NEERA TANDEN, President, Center for American Progress: I agree on the points you are making. I thank you for your leadership on this issue, Senator Murray, and on issues such as universal pre-K and childcare that are so critical for working families. I would just note that issues of pay disparity for women have retirement implications. Because as women are paid less throughout their career, that accumulates also in having a disparate pay in their retirement benefits, which are tied to salary. So, as we look at the retirement issues and the real anxiety that so many women, especially older women, have about being able to face retirement, and we also need to recognize what happens in the employment practice and the fact that we still have these disparities. And these disparities replicate themselves in retirement as well.

LORI PELLETIER, Executive Secretary-Treasurer, Connecticut State Federation of Labor: Thank you Senator. In Connecticut, a study was done, and again we are a wealthy nation, and Connecticut is a wealth state, but one out of seniors lives in poverty in Connecticut. If you think about the fact that women as a whole, if over the course of their work career continually make 23 cents less, basically, under a 40 year work life, they work ten years for nothing. So that absolutely has something to do with retirement security. And so in Connecticut in this past year we were able to work with the governor’s office and get a study to look at a potential retirement for all, state run, employee contributed retirement funds so that people may have a chance to put some money away, because the people working 7 or 8 different jobs in their career, they are not staying with their employer, this would at least give them the security so that they would know they can still put money …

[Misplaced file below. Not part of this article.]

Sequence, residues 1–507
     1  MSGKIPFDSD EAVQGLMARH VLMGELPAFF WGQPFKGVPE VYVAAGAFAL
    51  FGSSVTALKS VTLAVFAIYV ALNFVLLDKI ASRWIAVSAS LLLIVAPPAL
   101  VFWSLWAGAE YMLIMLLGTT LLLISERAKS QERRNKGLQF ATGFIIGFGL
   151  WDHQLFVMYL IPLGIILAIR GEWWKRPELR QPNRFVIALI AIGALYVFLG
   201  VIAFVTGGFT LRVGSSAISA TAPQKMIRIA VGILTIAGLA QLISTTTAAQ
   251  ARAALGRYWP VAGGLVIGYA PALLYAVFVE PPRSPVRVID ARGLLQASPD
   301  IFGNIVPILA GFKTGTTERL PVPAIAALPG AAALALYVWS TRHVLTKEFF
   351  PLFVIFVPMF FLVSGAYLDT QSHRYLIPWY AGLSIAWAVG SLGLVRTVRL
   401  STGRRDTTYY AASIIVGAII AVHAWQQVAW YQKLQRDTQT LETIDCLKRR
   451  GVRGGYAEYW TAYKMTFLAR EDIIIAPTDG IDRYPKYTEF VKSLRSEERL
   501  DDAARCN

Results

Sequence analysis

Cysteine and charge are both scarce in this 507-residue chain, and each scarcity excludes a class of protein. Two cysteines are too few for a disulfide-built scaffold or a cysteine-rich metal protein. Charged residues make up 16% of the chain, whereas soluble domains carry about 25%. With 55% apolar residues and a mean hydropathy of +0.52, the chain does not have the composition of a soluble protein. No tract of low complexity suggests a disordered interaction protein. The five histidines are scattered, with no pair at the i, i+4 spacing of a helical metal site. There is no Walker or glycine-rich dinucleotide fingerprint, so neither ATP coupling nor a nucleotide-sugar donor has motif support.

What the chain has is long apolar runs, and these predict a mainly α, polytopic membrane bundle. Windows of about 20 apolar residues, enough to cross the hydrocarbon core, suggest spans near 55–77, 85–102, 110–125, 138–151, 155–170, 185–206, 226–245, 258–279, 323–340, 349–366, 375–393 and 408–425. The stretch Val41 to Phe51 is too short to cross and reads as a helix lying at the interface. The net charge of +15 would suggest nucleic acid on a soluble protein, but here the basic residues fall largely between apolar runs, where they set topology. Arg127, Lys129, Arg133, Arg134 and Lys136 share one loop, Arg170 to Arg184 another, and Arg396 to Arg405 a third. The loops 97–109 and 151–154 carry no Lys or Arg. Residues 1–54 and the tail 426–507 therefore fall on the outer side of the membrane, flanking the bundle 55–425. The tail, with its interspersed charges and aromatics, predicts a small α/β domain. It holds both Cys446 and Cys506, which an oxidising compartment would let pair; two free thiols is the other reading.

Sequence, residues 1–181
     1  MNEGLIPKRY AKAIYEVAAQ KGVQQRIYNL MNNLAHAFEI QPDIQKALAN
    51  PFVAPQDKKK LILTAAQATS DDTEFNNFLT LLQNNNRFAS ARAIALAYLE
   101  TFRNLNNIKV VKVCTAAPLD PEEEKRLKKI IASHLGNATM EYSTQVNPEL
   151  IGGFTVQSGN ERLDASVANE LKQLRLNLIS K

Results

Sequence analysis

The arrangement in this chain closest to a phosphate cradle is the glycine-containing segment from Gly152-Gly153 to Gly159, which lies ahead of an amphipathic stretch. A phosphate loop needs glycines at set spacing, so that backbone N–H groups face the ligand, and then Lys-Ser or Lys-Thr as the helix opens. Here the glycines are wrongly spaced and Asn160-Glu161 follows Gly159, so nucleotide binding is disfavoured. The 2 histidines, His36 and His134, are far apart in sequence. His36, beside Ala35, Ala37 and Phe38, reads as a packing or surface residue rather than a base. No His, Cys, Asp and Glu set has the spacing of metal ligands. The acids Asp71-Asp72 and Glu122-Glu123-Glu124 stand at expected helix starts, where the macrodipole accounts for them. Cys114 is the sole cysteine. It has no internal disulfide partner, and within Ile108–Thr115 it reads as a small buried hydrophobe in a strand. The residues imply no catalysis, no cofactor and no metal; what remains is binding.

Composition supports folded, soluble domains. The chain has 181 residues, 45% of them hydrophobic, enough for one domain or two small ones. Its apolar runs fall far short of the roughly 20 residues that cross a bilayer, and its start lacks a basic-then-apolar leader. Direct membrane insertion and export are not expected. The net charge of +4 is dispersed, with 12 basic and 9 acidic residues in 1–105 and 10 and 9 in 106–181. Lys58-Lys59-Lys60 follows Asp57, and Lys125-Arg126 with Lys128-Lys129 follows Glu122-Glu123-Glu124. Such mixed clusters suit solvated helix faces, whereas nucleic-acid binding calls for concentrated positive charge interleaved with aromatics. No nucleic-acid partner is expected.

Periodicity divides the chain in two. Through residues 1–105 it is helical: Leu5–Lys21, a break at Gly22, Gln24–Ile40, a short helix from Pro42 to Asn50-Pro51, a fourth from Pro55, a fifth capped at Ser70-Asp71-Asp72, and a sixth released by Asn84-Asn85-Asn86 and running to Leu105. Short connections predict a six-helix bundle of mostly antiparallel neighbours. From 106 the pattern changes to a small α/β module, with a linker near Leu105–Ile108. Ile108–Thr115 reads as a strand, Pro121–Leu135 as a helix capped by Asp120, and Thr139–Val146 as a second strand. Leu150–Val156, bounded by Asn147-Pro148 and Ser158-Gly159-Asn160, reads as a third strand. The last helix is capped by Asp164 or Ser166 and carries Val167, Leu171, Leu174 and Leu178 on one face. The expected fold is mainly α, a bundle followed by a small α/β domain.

SENATOR MURRAY: Can you do that now?

PELLETIER: Yeah, the committee is supposed to convene by July 1st and work and come back with recommendations, specific recommendations. So it is very important, again, in Connecticut, one out of every four seniors lives in poverty.

ELLEN BRAVO, Executive Director, Family Values at Work: Making sure that women have access to affordable time for caregiving will also help their retirement income. Fewer people will lose their jobs, and fewer people will lose their income, which effects the pay disparities. So that’s another thing, thank you so much for bringing this up.

MURRAY: I think sometimes we don’t connect all of the policies that we talk about today, that we think are so important, whether it is making sure you have childcare so that you can stay at work, whether it is pay equity, how that impacts your finances, both today and when you retire. The issue that so many women come in and out of the workforce when they have kids because our policies these days make it tough. What happens is all of a sudden you are retired and your only source of income is Social Security, which I think is about $13,000, maybe a little more than that, a year for someone to exist on as their sole source of income, and one in three women as I said today depends on that small amount of money. So it is a huge economic issue. I am out of time, but this is something that I welcome your input on, and I hope we can focus on this issue Mr. Chairman.